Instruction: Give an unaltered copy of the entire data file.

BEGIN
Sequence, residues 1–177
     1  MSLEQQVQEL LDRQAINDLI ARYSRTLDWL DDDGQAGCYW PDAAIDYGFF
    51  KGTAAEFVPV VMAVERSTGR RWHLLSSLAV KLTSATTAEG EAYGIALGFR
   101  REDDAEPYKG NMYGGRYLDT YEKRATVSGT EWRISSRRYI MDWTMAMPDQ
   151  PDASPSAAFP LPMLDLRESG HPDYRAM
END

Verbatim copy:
Sequence, residues 1–177
     1  MSLEQQVQEL LDRQAINDLI ARYSRTLDWL DDDGQAGCYW PDAAIDYGFF
    51  KGTAAEFVPV VMAVERSTGR RWHLLSSLAV KLTSATTAEG EAYGIALGFR
   101  REDDAEPYKG NMYGGRYLDT YEKRATVSGT EWRISSRRYI MDWTMAMPDQ
   151  PDASPSAAFP LPMLDLRESG HPDYRAM